January 20, 2014
Recent summer heatwaves in Europe and northeast Asia have caused massive water shortages and a large number of deaths. But the mechanism behind these extreme weather events is not fully understood.
Scientists at China’s Nanjing University of Information Science and Technology now say that decreasing snow cover in the Tibetan Plateau could be playing an important role.
Professor Wu Zhiwei and her team used monthly snow cover and air temperature data from the past fifty years to build a global circulation model.
Their findings show that reduced snow cover on the Tibetan Plateau triggers high pressure over southern Europe and north-east Asia, reducing cloud formation and pushing up temperatures. Warmer and drier conditions in turn further inhibit cloud formation, intensifying local heat waves, says their paper, published recently in Climate Dynamics.
With further snow loss projected in the future, “Tibetan Plateau snow cover may play an increasingly significant role in shaping the Eurasian heat waves in the next decades,” the Chinese scientists conclude.
Summer snow cover on the Tibetan plateau has already decreased significantly over the past 50 years with rising level of global greenhouse gases. The region is warming at almost three times the global average.
Global climate connections
As climate models grow more sophisticated and complex, scientists have identified a set of long-distance atmospheric connections – or “teleconnections” – linking climate and weather in these parts of the globe.
These findings are significant for southern Europe and north-east Asia, where heatwaves have become more frequent and more severe over the past decades.
In 2003 Europe was caught off guard as sweltering temperatures brought the hottest summer since records began, leading to 70,000 deaths. In July-August 2010, another heatwave caused an estimated 56,000 deaths in western Russia.
In northern China heatwaves have led to major drinking water shortages for over half a billion people.
Tibet – the weather maker
Scientists agree that as the largest and highest plateau in the world, Tibet plays a key role in the global climate system. But many of the details remain a mystery.
The authors of the paper acknowledge their findings contain a number of caveats – including the lack of high quality and long-term climate data for the Tibetan Plateau.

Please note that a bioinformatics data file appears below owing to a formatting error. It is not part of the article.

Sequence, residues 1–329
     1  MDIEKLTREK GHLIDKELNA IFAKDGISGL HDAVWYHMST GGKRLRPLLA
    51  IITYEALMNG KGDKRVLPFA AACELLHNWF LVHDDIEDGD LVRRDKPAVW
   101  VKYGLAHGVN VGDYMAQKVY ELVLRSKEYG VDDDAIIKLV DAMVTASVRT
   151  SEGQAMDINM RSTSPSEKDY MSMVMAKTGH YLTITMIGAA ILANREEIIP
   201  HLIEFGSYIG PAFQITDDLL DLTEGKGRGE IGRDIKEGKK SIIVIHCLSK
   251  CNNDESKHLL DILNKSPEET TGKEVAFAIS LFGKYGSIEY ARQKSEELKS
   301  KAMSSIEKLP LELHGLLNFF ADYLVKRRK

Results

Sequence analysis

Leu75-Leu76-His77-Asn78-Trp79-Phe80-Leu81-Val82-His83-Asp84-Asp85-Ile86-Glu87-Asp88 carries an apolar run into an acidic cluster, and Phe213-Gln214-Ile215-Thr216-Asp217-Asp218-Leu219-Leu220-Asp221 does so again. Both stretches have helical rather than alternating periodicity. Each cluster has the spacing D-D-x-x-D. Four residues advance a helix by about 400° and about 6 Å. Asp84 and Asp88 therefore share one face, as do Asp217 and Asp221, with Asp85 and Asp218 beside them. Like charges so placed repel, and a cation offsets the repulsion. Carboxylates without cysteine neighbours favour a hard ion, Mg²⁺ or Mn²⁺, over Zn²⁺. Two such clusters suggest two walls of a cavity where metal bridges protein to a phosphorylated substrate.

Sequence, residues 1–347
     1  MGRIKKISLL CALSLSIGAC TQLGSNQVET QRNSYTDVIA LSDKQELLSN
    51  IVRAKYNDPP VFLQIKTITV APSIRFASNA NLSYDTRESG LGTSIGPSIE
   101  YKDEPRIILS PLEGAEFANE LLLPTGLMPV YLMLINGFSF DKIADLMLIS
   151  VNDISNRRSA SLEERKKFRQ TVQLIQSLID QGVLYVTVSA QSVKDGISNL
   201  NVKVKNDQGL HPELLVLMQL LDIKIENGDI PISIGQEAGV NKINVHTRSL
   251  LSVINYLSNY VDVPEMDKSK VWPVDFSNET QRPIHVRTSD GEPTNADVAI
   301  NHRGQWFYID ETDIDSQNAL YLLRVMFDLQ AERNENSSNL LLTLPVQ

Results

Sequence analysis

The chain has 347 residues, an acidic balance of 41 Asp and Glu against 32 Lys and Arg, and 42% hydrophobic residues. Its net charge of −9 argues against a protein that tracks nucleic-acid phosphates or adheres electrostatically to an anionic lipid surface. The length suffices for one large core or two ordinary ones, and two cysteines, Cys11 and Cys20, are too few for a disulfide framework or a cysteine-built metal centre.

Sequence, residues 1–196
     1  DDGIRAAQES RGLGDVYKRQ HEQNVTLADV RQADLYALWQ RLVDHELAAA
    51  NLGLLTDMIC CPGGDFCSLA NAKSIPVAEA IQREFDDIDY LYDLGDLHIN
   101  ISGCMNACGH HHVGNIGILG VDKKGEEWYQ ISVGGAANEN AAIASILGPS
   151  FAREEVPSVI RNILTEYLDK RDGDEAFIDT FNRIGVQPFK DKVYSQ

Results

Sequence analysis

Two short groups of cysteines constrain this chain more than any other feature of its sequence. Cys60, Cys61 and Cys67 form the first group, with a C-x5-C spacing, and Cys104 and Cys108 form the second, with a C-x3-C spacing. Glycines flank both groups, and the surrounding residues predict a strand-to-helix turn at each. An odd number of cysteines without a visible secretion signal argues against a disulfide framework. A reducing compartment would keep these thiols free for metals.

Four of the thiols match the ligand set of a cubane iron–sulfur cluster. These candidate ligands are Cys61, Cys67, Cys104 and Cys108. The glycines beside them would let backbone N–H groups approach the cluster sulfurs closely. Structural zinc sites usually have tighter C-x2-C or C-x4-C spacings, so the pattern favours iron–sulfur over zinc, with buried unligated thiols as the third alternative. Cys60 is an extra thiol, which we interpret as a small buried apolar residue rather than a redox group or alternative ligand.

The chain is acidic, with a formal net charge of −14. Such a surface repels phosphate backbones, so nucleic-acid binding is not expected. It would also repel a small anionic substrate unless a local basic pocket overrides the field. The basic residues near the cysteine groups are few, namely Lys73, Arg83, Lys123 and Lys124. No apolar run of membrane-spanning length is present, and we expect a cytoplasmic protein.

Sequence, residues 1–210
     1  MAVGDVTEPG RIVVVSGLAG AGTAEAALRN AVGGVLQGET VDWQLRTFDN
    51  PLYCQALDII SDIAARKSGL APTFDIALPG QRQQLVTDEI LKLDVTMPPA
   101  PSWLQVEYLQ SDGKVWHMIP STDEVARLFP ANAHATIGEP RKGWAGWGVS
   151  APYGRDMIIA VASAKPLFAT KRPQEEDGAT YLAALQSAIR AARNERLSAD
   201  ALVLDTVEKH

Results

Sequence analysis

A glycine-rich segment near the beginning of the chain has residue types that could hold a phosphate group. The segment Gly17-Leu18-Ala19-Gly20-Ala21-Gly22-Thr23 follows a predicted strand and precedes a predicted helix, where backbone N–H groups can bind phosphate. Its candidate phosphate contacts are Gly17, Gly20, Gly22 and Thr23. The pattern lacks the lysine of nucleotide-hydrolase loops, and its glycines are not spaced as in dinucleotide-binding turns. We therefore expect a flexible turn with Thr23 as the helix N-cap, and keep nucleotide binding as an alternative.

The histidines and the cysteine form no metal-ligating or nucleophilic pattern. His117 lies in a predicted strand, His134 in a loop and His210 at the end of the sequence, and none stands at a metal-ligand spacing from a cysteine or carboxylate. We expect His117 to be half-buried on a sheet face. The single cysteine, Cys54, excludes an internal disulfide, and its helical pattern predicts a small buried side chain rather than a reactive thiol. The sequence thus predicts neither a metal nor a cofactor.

The plateau and the Hindu Kush Himalayas are together often called the third pole because they hold the world’s largest stock of ice outside the poles. The plateau’s remoteness, high altitude and harsh conditions mean that even basic weather stations are few. Satellite data only exists from the 1970s and is plagued by errors because of the lack of calibration from ground observations.
Earlier studies have shown how heavy snowfall over the Tibetan Plateau can both weaken and prolong the duration of the summer monsoon system in the region. Another study linked greater winter snow cover in Tibet with warmer winters in Canada.
The Nanjing study adds fresh insights: “The findings in this paper are very important for understanding the causes to the increased frequency of heatwaves in Eurasia,” agreed Wen Zhou from the Guy Carpenter Asia–Pacific Climate Impact Centre, City University of Hong Kong. She is leading a team to study the influence of high summer temperatures in southeast China on the Asian monsoons.
Plugging the gap
China is trying to fill this data gap. Last year, government institutions launched a US$49-million initiative to wire up the plateau with sensors in an unprecedented attempt to understand its influence on climate — especially the Asian monsoons. The Chinese effort could help to predict extreme weather — both in Asia and as far afield as North America — and give scientists a steer on how climate change affects these events.
The China Meteorological Administration and the National Natural Science Foundation of China has set up sensors on high towers and in the soil to monitor temperature and moisture and cloud formation, as well as deploying sensors mounted on weather balloons and unmanned aerial vehicles.